Walking is the world’s most popular exercise and can be taken up at any age. Walking is also the most adaptable physical activity because it can be done indoors and outside. Tailoring the distance you’ll cover depends on your physical condition and the severity of your asthma. Start with short walks close to home, and graduate to longer walks when you’re ready. Walking with friends or joining a walking club can alleviate boredom. Treadmills and mall walking are great sources of indoor exercise and allow you the freedom to exercise during inclement weather conditions. It’s essential to take breaks when necessary.


There’s nothing like taking a leisurely ride on your bike with the wind blowing in your hair. Second to walking, bicycling is another one of those adaptable exercises tailored to fit the needs of your specific ability and endurance. Bicycling is also instrumental as an indoor sport offering the same aerobic result.


Swimming not only keeps you in shape, sheds a few pounds, and leaves you feeling invigorated, but studies show that swimming is one of the optimum physical activities for people of all ages. Done indoors and out, swimming allows you to participate in water aerobics and keep your heart rate up.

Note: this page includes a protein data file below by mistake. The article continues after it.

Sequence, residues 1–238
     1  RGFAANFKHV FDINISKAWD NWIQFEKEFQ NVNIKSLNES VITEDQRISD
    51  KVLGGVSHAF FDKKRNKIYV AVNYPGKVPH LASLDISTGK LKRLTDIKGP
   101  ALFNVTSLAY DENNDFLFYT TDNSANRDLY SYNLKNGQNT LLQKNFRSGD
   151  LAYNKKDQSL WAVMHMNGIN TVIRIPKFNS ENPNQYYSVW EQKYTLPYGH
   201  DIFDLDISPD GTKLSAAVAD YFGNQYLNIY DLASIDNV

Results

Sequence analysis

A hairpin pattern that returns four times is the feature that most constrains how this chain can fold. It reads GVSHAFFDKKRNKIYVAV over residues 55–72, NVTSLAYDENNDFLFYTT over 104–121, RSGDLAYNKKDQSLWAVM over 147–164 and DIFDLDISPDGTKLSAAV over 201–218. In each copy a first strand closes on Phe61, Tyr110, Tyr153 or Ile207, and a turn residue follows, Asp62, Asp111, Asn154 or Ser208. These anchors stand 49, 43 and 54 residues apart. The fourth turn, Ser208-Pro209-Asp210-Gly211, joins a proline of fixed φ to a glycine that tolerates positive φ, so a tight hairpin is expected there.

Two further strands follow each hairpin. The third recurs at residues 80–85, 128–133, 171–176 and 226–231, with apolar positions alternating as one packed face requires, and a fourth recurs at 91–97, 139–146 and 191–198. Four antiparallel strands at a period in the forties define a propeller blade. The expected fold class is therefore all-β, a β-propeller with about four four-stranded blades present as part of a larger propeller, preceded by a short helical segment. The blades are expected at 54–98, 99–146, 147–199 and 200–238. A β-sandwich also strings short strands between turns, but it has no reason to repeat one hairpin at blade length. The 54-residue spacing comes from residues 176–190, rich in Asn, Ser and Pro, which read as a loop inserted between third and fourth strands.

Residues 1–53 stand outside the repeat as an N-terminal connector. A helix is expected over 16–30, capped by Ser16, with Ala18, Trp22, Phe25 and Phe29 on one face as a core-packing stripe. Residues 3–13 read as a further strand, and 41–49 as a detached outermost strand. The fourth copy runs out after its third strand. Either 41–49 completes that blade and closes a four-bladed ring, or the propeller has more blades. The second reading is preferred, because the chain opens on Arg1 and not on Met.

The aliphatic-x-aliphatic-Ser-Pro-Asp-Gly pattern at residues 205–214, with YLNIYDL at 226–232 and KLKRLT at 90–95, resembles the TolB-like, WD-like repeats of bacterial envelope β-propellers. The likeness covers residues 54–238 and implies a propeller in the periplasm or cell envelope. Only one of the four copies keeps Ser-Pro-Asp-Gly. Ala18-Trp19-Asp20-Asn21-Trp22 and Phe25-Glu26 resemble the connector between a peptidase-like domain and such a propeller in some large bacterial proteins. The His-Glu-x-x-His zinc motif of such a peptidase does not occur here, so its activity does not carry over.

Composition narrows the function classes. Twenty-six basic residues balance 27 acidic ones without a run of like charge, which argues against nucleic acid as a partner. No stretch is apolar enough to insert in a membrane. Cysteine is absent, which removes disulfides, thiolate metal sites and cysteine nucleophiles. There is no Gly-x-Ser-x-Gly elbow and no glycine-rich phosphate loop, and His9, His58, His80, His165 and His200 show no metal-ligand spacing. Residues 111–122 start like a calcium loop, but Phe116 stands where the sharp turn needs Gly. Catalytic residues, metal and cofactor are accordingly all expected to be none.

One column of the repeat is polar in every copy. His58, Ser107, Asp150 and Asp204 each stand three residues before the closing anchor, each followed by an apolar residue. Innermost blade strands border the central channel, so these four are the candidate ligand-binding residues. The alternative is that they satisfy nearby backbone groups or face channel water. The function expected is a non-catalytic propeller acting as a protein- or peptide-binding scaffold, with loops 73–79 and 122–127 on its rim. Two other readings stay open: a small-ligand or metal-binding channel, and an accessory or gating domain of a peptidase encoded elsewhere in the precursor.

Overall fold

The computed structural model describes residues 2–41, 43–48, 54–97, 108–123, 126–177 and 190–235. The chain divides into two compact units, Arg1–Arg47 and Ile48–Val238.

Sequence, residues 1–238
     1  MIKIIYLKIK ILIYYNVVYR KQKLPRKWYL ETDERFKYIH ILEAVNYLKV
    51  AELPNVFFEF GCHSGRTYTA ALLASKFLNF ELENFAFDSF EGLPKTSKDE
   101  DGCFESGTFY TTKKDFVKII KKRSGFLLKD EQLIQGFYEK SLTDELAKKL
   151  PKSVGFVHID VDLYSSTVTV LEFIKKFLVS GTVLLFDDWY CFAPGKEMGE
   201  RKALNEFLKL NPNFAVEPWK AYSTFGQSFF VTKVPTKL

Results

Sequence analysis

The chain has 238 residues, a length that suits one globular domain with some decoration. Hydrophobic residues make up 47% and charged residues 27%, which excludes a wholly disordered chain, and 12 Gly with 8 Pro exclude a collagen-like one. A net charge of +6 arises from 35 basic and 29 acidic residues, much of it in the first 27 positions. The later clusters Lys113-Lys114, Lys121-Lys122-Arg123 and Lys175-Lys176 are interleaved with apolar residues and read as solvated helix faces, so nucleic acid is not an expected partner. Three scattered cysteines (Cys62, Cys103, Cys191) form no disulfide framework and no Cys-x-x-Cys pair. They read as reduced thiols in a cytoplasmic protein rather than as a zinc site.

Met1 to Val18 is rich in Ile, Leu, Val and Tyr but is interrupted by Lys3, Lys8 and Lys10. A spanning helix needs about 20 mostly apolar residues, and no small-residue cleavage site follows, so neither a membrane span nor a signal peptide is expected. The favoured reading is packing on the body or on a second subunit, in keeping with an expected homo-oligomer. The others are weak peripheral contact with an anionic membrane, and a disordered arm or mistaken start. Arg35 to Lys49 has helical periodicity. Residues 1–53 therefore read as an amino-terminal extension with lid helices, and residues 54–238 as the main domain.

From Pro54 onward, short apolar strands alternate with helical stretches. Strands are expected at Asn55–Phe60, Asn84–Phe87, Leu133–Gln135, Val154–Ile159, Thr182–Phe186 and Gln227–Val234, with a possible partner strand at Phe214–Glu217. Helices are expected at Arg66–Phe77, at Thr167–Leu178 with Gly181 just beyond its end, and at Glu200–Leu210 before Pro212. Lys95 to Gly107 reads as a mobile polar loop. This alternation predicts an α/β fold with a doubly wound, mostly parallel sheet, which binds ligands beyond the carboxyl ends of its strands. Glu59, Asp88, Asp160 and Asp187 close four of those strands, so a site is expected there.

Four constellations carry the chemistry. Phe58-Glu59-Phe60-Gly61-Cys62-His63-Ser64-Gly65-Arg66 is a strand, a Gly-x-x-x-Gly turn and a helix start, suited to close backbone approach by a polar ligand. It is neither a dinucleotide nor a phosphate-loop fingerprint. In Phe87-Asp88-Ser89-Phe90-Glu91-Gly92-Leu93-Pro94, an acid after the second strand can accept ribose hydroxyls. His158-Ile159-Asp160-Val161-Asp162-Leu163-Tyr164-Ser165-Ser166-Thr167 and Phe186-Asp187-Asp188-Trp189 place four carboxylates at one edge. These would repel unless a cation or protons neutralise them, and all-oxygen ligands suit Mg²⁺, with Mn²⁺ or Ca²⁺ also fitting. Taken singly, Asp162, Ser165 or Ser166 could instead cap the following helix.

Rollerblading can be an enjoyable outside and inside activity. It makes a good family activity at skating rinks as well. Inline skating is an enjoyable activity that can be done with or without friends, offers places to rest, and allows you to control and limit your distance.


One of the most recognized activities for relaxation is fishing. There are many ways to enjoy fishing, ranging from the extremely relaxed to an all-out endurance challenge of deep-sea angling. Because fishing requires upper body strength, this keeps fishing within the physical constraints of many activities. Because fishing is a year-round activity, those sensitive to the cold air may want to avoid ice fishing without access to the indoors. Other outdoor triggers to watch for include pollen and air pollution.


Kickboxing qualifies as an asthma-friendly sport because it is an aerobic activity aimed at overall physical conditioning and muscle toning. There is much stretching involved in kickboxing, and although it is a contact sport, a plethora of equipment and gear is involved in protecting yourself.

As always, consult your physician before beginning any regular exercise program. Start out slowly and increase your endurance when you feel ready and include friends for both company and as possible aids in an emergency.